Tuesday, September 14, 2010

This Dummy is No Dummy

Well, I stole a line from the great one, Marty Bergen, who asserts that when his dummy hand comes down it is clear that he has been no dummy. The correlative of that is that some dummies are actually --- dare I say it? True “Dummies!” How do you jump out of the latter category and get on that lofty perch with Marty. Well its not that hard, just recognize the need to revalue your hand when the partnership has found a trump suit fit. Various terminology is used to describe the revaluation process and authors alternatively talk about support points, distributional points or dummy points. In this post I will use the term “dummy points.” You can revalue your hand with dummy points at any point in the auction where it is clear that a fit exists and that your hand will be dummy. How’s that for simple! Most of us get a general notion when we are destined to become the dummy.

Most often this will occur when partner opens 1 of a major and you look down and have 3+ cards in his major suit. On other occasions opener will open 1 of a minor, you will bid 1 of a major and opener, with support for your major suit, raises your major to the appropriate level based open’s hand strength. In these auctions responder is going to play the hand and opener will be the dummy. So, just to warm up to dummy recognition, when you see you are about to become the dummy just mutter “I am a Dummy.”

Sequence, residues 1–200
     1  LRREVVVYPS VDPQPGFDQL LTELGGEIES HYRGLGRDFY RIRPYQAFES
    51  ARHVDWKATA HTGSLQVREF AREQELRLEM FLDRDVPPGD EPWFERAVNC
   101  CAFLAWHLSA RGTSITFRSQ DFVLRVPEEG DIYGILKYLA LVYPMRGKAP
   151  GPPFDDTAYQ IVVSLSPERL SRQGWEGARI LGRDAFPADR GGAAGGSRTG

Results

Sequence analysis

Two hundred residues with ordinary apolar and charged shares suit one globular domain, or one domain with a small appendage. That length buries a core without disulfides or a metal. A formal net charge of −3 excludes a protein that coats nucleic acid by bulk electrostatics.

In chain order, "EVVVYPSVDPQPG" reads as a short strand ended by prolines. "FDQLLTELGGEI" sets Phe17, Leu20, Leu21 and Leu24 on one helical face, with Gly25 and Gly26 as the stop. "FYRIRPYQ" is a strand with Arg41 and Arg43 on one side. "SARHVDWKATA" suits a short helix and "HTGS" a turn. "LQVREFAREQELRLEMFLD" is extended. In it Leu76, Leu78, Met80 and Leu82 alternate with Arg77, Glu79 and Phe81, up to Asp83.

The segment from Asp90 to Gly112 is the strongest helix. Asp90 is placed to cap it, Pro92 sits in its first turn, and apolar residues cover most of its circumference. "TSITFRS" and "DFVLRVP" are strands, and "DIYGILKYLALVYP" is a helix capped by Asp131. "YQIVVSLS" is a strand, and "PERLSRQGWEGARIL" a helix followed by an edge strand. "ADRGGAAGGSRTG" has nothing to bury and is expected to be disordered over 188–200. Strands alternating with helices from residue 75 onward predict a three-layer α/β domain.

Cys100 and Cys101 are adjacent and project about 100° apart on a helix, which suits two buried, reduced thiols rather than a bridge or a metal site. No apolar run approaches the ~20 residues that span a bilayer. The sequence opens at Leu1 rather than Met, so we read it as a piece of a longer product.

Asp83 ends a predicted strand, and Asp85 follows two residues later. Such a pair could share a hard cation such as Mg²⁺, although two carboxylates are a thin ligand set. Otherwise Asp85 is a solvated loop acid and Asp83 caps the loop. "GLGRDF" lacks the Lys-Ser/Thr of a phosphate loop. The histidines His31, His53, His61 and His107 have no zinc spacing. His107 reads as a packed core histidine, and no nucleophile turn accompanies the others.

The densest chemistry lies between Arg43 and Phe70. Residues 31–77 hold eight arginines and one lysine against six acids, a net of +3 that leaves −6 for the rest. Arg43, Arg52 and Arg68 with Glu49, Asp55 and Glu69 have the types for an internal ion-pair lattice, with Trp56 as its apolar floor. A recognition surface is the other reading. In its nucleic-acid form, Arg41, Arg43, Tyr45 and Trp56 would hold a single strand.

Now that we have achieved dummy recognition, how do we use that to get to our goal – getting more masterpoints faster. The answer: When you have a fit with partner and are destined for the dummy role, adjust your starting points (what you think you had before the bidding) by converting your starting points to dummy points. If bridge is just a social event, stop reading, you don’t need to know about dummies to meet a lot of nice people, even though some of them may also be dummy-dummies.

This seems so basic that I am almost embarrassed to write it. Surely all of you have been told to revalue fitting hands as dummy. The standard of yesteryear was to value a doubleton as 1 point, singletons as 3 points and voids as 5 points. Well, that is better than nothing, but with suit shortness (singletons and voids) it is often too generous and will overvalue the dummy. This is where your well intended partner asks “where is the hand that you bid?”

The value of suit shortness is directly linked to the number of supporting trump cards in the dmmy hand. Surely it must have occurred to you that a singleton with 3 supporting trump is worth less than a singleton with 4 supporting trump. If you agree, then how can they both be valued as 3 dummy points? It is very possible that with only 3 card trump support that partner may not even be able to ruff even one loser from his hand. Yes, that is a bad day and with non-cooperating opponents, but at least it makes a point. What happened to those 3 dummy points?

Conversely. with 4 trump you are virtually guaranteed to be able to ruff at least one loser, and very often two or more. Think about this: If you have an card 8 trump fit, one opponent will hold 4+ trump an astounding 33% of t he time. Hardly a rarity, more like a recipe for disaster. On the other hand, if your trump fit is 9 cards, one opponent will hold 4 trump only 10% of the time. As a general rule, bid aggressively when you have a 9 card fit and more conservatively when the fit is only 8 cards.